April 29, 2014

It's not that I mind a moment where the audience is reminded that the President has very personal reasons for championing the Affordable Care Act. It's true that his memories of watching her worry about how she would pay for cancer treatment were at the forefront when he fought through and got it passed.

I do, however, mind when some airheaded pundit uses what is intended to be a thoughtful moment as an opportunity to pretend he knows anything about voters and politics. Who the hell is Mallory Factor, anyway? I follow politics pretty closely and had never heard of the guy.

So I looked up his bio and realized he's a Wall Street hack, which would be why I hadn't heard of him, since I couldn't give a damn what Wall Street thinks of just about anything.

At any rate, he managed to turn a small sentimental moment at the end of Meet the Press into an opportunity to toss out one of the stupidest "analytical comments" I've heard yet.

From the transcript:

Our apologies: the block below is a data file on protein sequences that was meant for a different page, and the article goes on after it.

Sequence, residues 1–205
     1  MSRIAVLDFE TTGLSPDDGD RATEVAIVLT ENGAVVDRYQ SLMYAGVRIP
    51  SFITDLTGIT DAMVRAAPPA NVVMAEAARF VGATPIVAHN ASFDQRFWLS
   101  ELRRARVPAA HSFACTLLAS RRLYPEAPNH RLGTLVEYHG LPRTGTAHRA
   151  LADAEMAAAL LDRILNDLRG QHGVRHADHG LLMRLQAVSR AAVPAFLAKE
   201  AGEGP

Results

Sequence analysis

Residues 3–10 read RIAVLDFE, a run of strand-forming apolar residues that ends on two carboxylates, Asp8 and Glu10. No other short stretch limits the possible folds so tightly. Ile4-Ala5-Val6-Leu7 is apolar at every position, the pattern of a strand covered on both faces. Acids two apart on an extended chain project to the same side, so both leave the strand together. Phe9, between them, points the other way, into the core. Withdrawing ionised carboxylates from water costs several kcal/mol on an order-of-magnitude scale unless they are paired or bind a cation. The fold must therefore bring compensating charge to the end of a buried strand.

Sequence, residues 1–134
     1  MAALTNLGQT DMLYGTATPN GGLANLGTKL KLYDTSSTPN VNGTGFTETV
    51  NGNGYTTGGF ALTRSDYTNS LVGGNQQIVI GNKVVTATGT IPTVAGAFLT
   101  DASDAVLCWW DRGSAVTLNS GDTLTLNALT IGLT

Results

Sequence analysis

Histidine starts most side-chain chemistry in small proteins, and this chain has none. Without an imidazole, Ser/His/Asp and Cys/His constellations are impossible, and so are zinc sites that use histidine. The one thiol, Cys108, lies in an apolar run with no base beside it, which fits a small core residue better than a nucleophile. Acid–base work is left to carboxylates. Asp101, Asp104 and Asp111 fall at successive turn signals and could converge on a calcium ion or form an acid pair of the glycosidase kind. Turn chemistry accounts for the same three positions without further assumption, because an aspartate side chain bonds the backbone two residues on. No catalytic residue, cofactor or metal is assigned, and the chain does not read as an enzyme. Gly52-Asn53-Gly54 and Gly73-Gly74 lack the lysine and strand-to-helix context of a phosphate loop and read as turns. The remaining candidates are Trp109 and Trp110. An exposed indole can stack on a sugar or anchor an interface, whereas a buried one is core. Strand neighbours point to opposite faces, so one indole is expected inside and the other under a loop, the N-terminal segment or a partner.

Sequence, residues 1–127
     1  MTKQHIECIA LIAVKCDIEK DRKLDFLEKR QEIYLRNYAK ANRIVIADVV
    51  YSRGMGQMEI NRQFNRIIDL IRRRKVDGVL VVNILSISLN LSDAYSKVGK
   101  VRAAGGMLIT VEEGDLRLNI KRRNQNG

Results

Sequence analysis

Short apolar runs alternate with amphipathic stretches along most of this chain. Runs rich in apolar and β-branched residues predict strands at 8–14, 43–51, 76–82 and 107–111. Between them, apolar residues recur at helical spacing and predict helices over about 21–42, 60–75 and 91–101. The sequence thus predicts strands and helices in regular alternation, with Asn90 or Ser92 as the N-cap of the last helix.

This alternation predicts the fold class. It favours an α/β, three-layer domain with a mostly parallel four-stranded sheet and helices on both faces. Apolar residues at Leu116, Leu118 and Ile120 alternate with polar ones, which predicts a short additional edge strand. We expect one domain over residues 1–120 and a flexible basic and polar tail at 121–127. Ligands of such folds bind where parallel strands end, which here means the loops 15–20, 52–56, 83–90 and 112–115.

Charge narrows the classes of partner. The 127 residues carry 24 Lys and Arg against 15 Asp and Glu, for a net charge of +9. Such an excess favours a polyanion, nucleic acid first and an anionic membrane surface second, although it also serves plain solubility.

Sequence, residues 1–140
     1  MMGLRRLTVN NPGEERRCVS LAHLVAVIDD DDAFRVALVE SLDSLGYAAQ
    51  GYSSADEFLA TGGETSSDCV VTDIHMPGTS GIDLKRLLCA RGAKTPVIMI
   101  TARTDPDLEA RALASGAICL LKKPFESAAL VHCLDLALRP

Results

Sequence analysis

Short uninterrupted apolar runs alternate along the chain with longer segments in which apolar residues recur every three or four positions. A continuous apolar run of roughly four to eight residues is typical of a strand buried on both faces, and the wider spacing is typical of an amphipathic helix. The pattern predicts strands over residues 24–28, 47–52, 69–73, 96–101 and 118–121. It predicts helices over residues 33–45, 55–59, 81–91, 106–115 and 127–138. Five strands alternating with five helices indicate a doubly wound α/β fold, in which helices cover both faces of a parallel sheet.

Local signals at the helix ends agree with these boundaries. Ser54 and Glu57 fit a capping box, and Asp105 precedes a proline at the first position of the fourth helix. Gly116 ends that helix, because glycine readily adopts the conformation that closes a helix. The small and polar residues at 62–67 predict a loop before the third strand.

Another moment this morning happening that I wanted to share is a moment from-- you know, whenever the president goes overseas, there's a lot of press conferences. We love that. And there's another opportunity to take questions. This was actually a town hall that the president had. And he took a question. And he was asked about his regrets. Here's what he said.



I regret not having spent more time with my mother. Because she died early. She got cancer and right around when she was my age - she was just a year older than I am now. She died. It happened very fast in about six months.



What a tender moment, and a great life lesson in that, right?



David, that's classic Obama. And that's classically why he won the last time. All the polls on the issues had him down. But people really respond to him. And he does a magnificent job. And I believe he's sincere about that, too. This is the reason he's president of the United States and that Romney lost.

What bullshit. Romney sucked on the issues, especially after his disdain for the moochers and his love for the makers was broadcast in his own voice. Women, Latinos, African-Americans, Asians and every other voting bloc that isn't old white men supported Obama over Romney, and not just because he was sincere about regretting his mother's early demise.

Did he forget the fact that most polls tilted their bias toward Republicans, too?

If this is political analysis, I'll take the Sunday comics instead.

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